Excerpts from Lady Thatcher’s Wink



The prime minister first notices that someone has tampered with the Thatcher portrait as he is showing a visitor out of 10 Downing Street:

Warbytton had done with Carrot and fluttered his hand airily in dismissal. He had caught sight over the man’s shoulder of a framed illustration on the wall – a bold caricature of Margaret Thatcher given on permanent loan to Number Ten by a well-wisher – and was shocked by the background detail. Had he never properly examined it before?

It was a friendly portrayal, the manic effect of those startlingly bright eyes softened by a flowing mane and a smile that stopped a little short of malevolence. The former premier stood before a stylised Big Ben with, or once with, the sketchiest suggestion of Parliament Square greensward stretching behind her.

Except that now she only had to look over her shoulder to witness an entwined couple, naked and athletically rutting.


Ben Strutters, a police officer who relishes violence, is called into his superior’s office to explain what happened the night before:

Summoned to the chief constable’s office, he stood stiffly to attention until a wave of the hand suggested that he could relax a little. But he wasn’t invited to sit down.

‘I’ve heard reports of what happened on the South Bank last night,’ the chief said, ‘but I want to hear it from your own mouth, inspector.’


‘The violence appears to have been extreme.’

‘There were several groups of armed trouble-makers, sir.’

‘I’m talking about our violence.’

‘Ah, yes.’

‘Water cannon?’

‘We did down a good many ruffians with the deluge gun. A few legs broken, I have to admit. Some blood.’

‘Anything else?’

‘Staves next, sir.’


‘Depends what you mean, sir. Anyone who had the look in their eye, if you know what I mean. No questions asked.’

‘And then the Tasers?’

‘As a last resort.’

‘But then you went in heavily with them.’

‘That’s true, sir. Twenty people felled on the spot, four of them hospitalised.’

‘And what do you say, inspector, to a criticism in today’s Blither’ (he gathered the newspaper from his desk and squinted at it) ‘that your use of force was disproportionate in that eighty members of the public were injured while one police officer sustained a bruised thumb and six of his colleagues lost their helmets?’

‘I’d say, sir, that the public learned a useful lesson.’

The chief constable reached out a hand.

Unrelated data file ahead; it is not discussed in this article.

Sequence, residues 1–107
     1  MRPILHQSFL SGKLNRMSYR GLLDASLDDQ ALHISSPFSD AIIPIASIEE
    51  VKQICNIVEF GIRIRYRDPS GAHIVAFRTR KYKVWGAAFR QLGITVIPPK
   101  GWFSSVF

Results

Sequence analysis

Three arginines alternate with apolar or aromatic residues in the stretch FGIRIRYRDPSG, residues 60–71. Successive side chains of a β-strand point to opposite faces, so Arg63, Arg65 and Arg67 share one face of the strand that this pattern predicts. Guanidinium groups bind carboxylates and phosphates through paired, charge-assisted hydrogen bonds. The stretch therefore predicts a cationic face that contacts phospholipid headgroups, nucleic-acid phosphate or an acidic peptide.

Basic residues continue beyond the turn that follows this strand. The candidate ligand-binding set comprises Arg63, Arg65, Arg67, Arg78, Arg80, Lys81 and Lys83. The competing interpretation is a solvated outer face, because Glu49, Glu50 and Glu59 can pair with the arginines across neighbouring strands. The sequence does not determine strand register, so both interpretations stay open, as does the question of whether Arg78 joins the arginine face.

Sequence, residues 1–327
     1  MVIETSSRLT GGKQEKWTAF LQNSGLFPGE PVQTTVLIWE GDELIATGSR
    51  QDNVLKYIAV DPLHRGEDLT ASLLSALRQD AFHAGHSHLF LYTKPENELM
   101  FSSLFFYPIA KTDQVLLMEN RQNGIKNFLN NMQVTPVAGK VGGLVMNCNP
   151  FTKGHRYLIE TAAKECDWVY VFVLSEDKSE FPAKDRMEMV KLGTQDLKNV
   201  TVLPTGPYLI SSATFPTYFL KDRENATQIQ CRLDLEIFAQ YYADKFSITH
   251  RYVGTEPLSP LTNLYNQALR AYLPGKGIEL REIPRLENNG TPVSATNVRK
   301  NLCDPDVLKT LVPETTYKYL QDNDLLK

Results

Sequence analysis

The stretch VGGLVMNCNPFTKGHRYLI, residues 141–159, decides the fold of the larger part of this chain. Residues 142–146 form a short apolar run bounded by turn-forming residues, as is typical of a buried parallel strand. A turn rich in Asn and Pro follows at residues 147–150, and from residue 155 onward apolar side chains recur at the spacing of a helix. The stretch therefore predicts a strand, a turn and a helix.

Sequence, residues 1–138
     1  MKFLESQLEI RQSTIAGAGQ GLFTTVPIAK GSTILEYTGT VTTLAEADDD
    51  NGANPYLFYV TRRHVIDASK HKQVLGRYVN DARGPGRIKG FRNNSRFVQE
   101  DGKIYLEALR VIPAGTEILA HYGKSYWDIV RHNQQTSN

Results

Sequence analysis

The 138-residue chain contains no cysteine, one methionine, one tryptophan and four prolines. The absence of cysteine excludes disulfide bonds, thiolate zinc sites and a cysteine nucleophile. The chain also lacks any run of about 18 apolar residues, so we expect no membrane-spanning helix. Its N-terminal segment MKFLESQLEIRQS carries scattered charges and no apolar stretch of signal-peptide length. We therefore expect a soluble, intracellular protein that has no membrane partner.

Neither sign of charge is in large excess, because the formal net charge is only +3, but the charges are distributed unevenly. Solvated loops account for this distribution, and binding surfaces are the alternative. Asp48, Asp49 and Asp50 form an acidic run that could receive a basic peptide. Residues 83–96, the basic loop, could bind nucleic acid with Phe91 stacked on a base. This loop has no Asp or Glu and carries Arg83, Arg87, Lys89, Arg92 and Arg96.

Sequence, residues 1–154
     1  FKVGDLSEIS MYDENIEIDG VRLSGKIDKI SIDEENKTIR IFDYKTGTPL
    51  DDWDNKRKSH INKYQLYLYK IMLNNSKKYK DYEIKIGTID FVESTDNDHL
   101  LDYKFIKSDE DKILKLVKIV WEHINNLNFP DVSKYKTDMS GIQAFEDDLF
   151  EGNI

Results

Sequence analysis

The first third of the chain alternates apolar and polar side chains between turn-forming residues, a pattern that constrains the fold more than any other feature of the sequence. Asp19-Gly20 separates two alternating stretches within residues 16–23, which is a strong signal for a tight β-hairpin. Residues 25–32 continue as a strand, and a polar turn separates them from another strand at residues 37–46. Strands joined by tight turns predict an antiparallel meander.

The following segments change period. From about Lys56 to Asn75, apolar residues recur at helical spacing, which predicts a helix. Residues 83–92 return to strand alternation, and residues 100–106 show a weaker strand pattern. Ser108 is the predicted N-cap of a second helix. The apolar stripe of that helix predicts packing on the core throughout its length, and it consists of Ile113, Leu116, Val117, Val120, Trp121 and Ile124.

‘Exactly the right response, inspector,’ he said. ‘I’m fast-tracking you to superintendent.’


The Daily Maul has splashed an old, but revealing, pin-up photograph of Valmai Partridge, a pneumatic would-be MP no better than she ought to be:

The Pink Party leader appraised her former prime selling points on the Maul’s front page with rueful pleasure.

‘But they’re still quite pert, aren’t they, Duggie?’

‘They’re a treat, Vavoomshka,’ said her fourth husband, who specialised in inventive endearments. ‘I wouldn’t swap them for anyone else’s. Even if I had the chance these days.’

‘But Game Bird Partridge is a bit much, don’t you think? They’re suggesting I’ve got a dirty past. Who do they think they are? Voracious Valmai!’

‘Well, you were a call-girl.’

‘An escort, Duggie. Respectable. No hanky-panky unless I initiated it. Which of course . . . Could I sue them?’

‘They’d have you for breakfast.’

She gave the filthiest of laughs.

‘They wouldn’t be the first, Duggie!’



This scene at the Office of Handouts is largely self-explanatory, but we should perhaps explain that all benefits claimants are forced to wear coloured bibs – orange for the unemployed, green for those in poorly paid work:

Ellie Stammers thought she might be in love. Whatever it was, she knew that Greg Gripp was the most commanding man she had ever come across since the bailiff who turfed her mother and her squealing little brood out on to the streets all those years ago. She gazed at him now through the double-strength security glass as he rounded up what he merrily called ‘the runners’ for his 11.30 handicap (with relentless cajoling and badgering they managed to fit two into an hour). She was rather proud of her green bib, which proved that at least she was trying to be a decent citizen, but Gripp wore a pinstriped suit and a large flapping tie bearing the Power4Us logo. He was in charge, and he stood no nonsense. He was wonderful.

What a privilege it was to work here. The carved stone windows, dark oak beams and parquet flooring were reminders of the days when this was one of those borough libraries long since sold off for more profitable use. Perhaps it was nothing more than the lingering waft of ancient furniture polish, but although the fittings had been stripped out to suit the demands of the Office of Handouts’ Rigorous Assessment Unit, and although she had never been much of a reader herself, Ellie was convinced that, in moments of quietness, she still sensed a trace of an imagined dusty, studious, intellectual atmosphere. It was uplifting.

Having marshalled his sorry looking field of claimants into a starting line, Gripp strode to the far end of the room, took a ten-pound note from his pocket and taped it to the wall.

‘‘We’re looking for strivers, remember,’ he announced. ‘We want to see real effort. First to the end gets the prize.’

He popped his head into Ellie’s little booth.